Jeb Bush Hasn't Learned Enough From His Brother's Failures

Views he recently expressed on foreign policy suggest inadequate reflection on the Iraq War and its lessons.

In an interview on Hugh Hewitt's radio show, probable GOP presidential candidate Jeb Bush discussed his attitudes about foreign policy, having been asked if he would be "overly cautious about using force for fear of having a 'third Bush war' occur." At first, he gave a perfectly acceptable answer. "I wouldn’t be conflicted by any legacy issues of my family," the former Florida governor said. "Actually, Hugh, I am quite comfortable being George Bush’s son and George Bush’s brother. It’s something that gives me a lot of comfort on a personal level, and it certainly wouldn’t compel me to act one way or the other based on the strategies that we would be implementing and the conditions that our country would be facing."

If any of you were concerned that a Jeb Bush presidency just wouldn't be sufficiently warlike, perhaps he has gained your trust. And for those who worry that he hasn't learned the non-interventionist lessons George W. Bush's tenure suggest? The next portion of Jeb Bush's answer suggests that he has failed to clear that hurdle:

I don’t think there’s anything that relates to what my dad did or what my brother did that would compel me to think one way or the other. I think that history’s a good guide for our country. And the simple fact is you start with the premise that America’s role in the world is a force for good, not for bad things to happen, you’ll have, lessen the likelihood of having to use military force around the world. America’s foreign policy is more successful when we’re clear about who we’re supporting in terms of our allies, and that our enemies fear us a little bit rather than take advantage of us, to create insecurity that then compels the world and the United States to react. I think a better solution is to have a forceful foreign policy where we’re supportive of our friends, where there’s no light between our closest allies, like Israel, like our neighborhood, like NATO. These are the alliances that have kept us safe. And the more that people are assured of that, the more likely it is that we’ll live in a peaceful world.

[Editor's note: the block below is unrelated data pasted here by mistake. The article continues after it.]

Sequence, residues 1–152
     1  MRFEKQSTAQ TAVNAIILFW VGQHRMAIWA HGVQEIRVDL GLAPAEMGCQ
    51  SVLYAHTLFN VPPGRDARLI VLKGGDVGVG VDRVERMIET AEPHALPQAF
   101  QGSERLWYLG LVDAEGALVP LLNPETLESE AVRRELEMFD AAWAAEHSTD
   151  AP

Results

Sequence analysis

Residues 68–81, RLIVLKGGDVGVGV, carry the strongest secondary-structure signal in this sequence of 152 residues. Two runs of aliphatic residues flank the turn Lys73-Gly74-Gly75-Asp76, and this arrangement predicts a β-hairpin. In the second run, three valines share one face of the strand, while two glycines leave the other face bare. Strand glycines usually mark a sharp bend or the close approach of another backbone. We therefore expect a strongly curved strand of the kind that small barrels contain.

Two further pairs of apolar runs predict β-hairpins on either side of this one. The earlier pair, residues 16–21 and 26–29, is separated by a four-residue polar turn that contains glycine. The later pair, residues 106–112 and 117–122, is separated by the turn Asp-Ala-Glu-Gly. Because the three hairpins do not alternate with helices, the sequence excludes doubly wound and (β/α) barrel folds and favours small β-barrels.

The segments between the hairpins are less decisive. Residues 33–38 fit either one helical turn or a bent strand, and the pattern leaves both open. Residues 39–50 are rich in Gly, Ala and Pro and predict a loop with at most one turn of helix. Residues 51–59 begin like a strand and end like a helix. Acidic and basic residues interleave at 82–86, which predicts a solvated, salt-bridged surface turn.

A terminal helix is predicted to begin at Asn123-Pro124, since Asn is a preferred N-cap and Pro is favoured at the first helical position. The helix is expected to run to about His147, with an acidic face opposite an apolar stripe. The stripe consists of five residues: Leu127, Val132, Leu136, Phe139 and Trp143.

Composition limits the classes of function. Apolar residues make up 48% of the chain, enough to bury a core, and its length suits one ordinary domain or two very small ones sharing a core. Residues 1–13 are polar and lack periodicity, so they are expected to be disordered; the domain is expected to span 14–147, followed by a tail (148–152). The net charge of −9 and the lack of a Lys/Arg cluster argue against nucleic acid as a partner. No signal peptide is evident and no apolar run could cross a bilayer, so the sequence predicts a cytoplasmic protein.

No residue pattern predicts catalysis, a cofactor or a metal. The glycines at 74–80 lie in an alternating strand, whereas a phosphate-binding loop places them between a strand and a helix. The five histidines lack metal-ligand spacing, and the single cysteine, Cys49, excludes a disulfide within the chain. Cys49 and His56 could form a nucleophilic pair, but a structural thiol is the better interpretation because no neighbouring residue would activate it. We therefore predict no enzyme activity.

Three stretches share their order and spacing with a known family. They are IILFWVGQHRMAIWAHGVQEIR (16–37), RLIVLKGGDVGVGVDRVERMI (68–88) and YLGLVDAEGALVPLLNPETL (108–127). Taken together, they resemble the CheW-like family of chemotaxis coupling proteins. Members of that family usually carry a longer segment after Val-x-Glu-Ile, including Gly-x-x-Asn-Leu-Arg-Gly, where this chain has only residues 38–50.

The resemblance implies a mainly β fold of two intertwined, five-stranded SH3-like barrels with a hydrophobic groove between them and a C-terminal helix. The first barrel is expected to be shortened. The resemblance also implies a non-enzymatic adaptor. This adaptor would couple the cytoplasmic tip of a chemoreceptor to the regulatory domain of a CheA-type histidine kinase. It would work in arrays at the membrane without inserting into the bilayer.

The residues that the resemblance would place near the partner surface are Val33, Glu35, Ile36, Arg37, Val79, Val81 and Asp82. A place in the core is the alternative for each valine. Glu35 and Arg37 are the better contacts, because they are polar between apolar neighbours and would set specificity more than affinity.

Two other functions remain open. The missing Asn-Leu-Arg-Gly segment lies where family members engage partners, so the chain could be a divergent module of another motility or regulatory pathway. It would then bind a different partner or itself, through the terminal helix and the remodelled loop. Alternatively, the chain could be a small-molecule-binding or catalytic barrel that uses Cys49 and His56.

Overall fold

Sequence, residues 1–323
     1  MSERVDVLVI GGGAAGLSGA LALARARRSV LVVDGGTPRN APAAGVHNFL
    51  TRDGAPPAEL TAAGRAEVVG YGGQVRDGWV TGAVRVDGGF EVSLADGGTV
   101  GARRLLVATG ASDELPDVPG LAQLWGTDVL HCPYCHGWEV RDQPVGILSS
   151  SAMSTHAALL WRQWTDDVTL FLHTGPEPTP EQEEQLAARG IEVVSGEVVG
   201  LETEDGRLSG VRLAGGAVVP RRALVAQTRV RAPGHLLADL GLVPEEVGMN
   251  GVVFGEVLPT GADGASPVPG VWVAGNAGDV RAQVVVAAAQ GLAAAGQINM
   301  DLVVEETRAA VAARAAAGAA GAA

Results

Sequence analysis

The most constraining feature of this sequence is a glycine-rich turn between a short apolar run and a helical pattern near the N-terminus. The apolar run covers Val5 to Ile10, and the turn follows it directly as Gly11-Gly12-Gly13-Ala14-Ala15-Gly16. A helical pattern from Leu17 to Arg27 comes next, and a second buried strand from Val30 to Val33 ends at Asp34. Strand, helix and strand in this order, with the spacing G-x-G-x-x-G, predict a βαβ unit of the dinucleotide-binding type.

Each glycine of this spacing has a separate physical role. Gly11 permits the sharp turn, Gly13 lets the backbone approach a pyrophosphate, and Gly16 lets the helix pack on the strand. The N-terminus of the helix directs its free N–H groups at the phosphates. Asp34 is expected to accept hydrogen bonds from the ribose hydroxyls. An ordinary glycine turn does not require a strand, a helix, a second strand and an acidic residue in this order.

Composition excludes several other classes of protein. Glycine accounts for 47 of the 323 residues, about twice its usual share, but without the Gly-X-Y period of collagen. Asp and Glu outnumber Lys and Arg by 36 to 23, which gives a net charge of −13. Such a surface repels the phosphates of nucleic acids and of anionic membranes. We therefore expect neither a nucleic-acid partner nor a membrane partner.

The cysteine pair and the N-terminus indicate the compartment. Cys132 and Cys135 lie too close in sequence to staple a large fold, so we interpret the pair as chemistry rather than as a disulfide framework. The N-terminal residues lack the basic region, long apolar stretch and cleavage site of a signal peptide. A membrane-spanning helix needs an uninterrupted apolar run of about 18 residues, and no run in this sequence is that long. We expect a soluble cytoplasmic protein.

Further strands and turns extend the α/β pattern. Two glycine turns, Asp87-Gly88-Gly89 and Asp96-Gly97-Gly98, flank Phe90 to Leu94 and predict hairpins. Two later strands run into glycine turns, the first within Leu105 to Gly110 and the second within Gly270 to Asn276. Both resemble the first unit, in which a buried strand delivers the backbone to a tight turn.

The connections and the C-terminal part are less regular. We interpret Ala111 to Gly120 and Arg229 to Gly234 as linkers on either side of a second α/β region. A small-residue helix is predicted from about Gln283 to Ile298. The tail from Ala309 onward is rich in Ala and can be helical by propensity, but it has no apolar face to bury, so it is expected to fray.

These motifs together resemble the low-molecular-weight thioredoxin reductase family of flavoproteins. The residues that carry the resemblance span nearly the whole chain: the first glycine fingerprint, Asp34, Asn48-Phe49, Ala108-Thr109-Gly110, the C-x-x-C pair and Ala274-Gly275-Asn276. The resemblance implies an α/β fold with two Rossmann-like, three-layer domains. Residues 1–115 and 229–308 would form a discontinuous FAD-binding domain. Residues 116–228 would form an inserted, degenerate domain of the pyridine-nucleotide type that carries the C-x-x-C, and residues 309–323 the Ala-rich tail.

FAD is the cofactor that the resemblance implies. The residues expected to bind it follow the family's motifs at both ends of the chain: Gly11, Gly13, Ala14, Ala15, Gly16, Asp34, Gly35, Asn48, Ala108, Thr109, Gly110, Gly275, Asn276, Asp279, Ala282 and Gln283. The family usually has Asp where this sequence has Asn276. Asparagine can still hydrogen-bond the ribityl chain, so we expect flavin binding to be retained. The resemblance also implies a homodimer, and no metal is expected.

What's the problem?

First off, the premise that "America's role in the world is a force for good" is problematic—the U.S. has played many different roles in world history. It has often been a force for good. But that in no way guarantees the next intervention won't do more harm. In Iraq, a war of choice that many supported with the best intentions, George W. Bush began with the premise that America is a force for good and unleashed carnage that killed hundreds of thousands and gave rise to ISIS.

Here are better premises to start with when weighing an intervention: War is an unpredictable enterprise that carries great risks, and all U.S. interventions have at least the potential to do great harm to ourselves or to others, so careful judgments are needed to discern which interventions would make us a force for good.

There's another error in analysis, too.

If Jeb Bush weren't so inured to the actual content of his foreign policy boilerplate, he might have noticed that his metrics for what makes America successful in the world—forcefulness, clear enemies, no distance between us and our closest allies—were all met when his brother decided to invade Iraq with the support of Israel and England (even as he gave speeches denouncing the "Axis of Evil").

And yet, despite forcefulness, clear enemies, and support from our very closest allies, George W. Bush's foreign policy was a disaster. Jeb Bush needn't be an expert in geopolitics to recognize that recent history obliterates his thoughtless heuristic.